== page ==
Friday, February 3, 2017


Last year, I had the pleasure of having my first book, The League of Regrettable Superheroes, published by the fine folks over at Quirk Books in Philadelphia, PA. Although the cat has been out of the bag for a little while, I'm nonetheless proud to announce that the logical sequel -- The Legion of Regrettable Super-Villains -- is slated to debut on March 28th! You can now pre-order the book over on AmazonBarnes&Noble, and probably on the weird superhero book black market. It does thriving business!

To whet your appetite for the new book, every Friday leading up to the release date, I'll be providing brief snapshots of just some of the 108 (!) historically effed-up bad guys covered in the book (and that's not even counting the sidebars).

Super-villainy is a competitive affair, so it's no surprise that so many of its practitioners go for the extra prestige and (presumably) pay one receives when extending one's college education. There must be plenty of menaces with Master's Degrees, but the real cash resides in devious doctoral degrees! That's why the field is packed aplenty with dastardly docs of all derivations, such as ...

Created by Otto and Jack Binder
Debuted in: Silver Streak Comics No.17 (Lev Gleason, 1941)

So what is this guy, vampire or not a vampire? All the trappings have the look of the dreaded Dracula from which he takes his name -- the fanged teeth, the bat-like wings, the sexy bondage clothing. Doctor Dracula leads a battalion of Nazi vampire-men in latex Nosferatu onesies into the war against good and democracy, drawing the attention of Captain Battle and his imaginatively-named sidekick, Captain Battle Jr.

Doctor Dracula's goal is the theft of a Death Ray developed by American scientists, and used to make life hell on lab rats. Possibly the most interesting part of his battle against ... ah, Captain Battle ... was an ill-fated scientist declaring, upon seeing the fanged fiends, "Vampires! Vampires as large as men!" How large were vampires actually supposed to be, is my question.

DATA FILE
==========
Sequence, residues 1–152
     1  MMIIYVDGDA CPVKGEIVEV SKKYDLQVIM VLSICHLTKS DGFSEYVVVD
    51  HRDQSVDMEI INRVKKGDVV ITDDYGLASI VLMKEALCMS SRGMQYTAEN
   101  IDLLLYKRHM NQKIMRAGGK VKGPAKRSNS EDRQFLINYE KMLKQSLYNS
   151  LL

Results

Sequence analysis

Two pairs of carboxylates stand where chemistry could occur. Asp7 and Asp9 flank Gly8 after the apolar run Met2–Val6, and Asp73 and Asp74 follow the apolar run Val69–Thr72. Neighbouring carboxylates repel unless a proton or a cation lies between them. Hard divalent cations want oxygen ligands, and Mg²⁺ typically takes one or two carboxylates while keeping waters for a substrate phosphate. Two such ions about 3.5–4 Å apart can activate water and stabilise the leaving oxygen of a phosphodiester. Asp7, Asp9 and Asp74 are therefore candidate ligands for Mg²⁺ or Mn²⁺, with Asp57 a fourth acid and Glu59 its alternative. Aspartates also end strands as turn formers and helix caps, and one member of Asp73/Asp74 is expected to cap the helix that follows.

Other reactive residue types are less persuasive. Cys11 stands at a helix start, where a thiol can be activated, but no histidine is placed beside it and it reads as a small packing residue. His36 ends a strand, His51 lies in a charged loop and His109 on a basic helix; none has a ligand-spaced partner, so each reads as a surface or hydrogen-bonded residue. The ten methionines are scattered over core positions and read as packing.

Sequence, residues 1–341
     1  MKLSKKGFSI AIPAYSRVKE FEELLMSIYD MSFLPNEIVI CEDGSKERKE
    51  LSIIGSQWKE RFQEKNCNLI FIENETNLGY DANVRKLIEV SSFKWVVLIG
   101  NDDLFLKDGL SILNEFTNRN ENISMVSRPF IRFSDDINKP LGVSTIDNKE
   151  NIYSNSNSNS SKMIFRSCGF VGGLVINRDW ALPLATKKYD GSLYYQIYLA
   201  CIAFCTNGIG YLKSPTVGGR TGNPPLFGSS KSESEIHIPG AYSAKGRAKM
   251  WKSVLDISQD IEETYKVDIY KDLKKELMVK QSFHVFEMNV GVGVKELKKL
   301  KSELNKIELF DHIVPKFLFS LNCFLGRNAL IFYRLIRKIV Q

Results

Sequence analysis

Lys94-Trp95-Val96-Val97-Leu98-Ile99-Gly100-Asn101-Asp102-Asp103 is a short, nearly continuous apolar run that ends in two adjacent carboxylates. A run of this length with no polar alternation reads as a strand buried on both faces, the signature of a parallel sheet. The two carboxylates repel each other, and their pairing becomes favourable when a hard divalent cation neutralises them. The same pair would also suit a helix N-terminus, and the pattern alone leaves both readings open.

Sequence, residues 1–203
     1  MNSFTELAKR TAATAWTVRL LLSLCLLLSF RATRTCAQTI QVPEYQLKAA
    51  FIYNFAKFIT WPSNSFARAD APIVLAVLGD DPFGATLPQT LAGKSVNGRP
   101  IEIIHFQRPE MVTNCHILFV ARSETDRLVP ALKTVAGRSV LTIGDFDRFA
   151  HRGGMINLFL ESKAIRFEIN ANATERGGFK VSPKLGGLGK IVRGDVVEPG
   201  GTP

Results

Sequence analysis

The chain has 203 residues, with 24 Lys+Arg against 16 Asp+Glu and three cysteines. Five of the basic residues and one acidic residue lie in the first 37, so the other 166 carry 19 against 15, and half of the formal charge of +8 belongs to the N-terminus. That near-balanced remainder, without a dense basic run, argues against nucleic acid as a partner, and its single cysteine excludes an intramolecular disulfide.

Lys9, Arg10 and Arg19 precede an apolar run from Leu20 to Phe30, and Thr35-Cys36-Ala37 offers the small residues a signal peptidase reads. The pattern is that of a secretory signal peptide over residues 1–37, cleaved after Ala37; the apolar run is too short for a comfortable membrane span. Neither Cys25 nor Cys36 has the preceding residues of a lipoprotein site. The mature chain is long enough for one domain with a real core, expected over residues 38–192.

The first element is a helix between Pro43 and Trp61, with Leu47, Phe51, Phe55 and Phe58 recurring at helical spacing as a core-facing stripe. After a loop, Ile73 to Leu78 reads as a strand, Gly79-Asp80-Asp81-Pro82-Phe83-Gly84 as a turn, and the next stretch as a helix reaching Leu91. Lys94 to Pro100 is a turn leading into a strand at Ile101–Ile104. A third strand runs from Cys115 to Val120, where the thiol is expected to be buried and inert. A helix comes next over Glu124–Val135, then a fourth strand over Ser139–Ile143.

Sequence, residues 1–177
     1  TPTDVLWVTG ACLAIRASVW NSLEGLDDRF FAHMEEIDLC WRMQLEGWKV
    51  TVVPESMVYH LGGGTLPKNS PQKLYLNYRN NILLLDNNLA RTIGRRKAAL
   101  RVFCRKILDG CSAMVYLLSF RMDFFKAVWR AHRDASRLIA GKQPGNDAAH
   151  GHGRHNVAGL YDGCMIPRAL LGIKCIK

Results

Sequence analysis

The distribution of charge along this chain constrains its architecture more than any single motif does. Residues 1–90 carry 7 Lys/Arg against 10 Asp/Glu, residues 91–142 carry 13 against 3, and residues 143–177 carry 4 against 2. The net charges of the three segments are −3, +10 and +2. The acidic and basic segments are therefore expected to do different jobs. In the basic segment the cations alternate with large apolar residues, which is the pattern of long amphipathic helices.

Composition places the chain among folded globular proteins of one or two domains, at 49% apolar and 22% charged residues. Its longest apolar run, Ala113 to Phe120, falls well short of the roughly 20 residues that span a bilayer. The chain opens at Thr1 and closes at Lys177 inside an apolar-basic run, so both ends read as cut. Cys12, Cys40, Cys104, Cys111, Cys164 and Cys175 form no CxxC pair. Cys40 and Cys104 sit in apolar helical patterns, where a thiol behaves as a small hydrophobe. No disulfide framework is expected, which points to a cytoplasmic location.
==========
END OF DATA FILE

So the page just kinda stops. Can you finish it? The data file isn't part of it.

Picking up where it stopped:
Created by Bob Oksner  and an uncredited writer
Debuted in: Wonder Comics No.9 (Better/Standard/Nedor, December 1946)
That inviting, expressive Bob Oksner art didn't do much for the goat-like appearance of Doctor Voodoo, and intergalactic factotum of the universe's most evil empress and a man who dressed like a minotaur going to a formal function.

Voodoo is the go-to guy for Lilith, the goddess of pure evil, and the Immortal Emperor, a guy who looks like a very happy pencil eraser. Originally, his primary job was the find new worlds to conquer for the glory of his home planet (also called Lilith, just like Ohio's got a place called Columbus, I guess) and new evil souls to add to its population. Repeated conflicts with Brad Spencer, a.k.a. Wonder Man, sees the world of Lilith destroyed and Voodoo's job rendered a little unnecessary. On the plus side, he could always find work as a maitre d'.

Created by Warren Kremer
Debuted in: Devil Kids Starring Hot Stuff  No.23 (Harvey Comics, March 1966)

You have to admire Doctor Cesspoole's ambition. If I were to pick an enemy upon which to eternally direct my incalculable hatred, I'd pick something fairly easy to beat in a fight, like small goats. Or socks. Not Doctor Cesspoole, though. With his face like a fart's unhappy memory, he sets his sights on taking down the world's population of passive, benevolent giants -- starting with Harvey Comics' mellow Stumbo.

None of Cesspoole's attempts to murder the friendly titan amount to much, although you can't fault his ambition and self-confidence. Particularly given that he has a face like a piece of cat shit demanding a divorce from a rhinocerous' run-over scrotum, Cesspoole never lets his defeats get him down. Maybe he doesn't own any mirrors.

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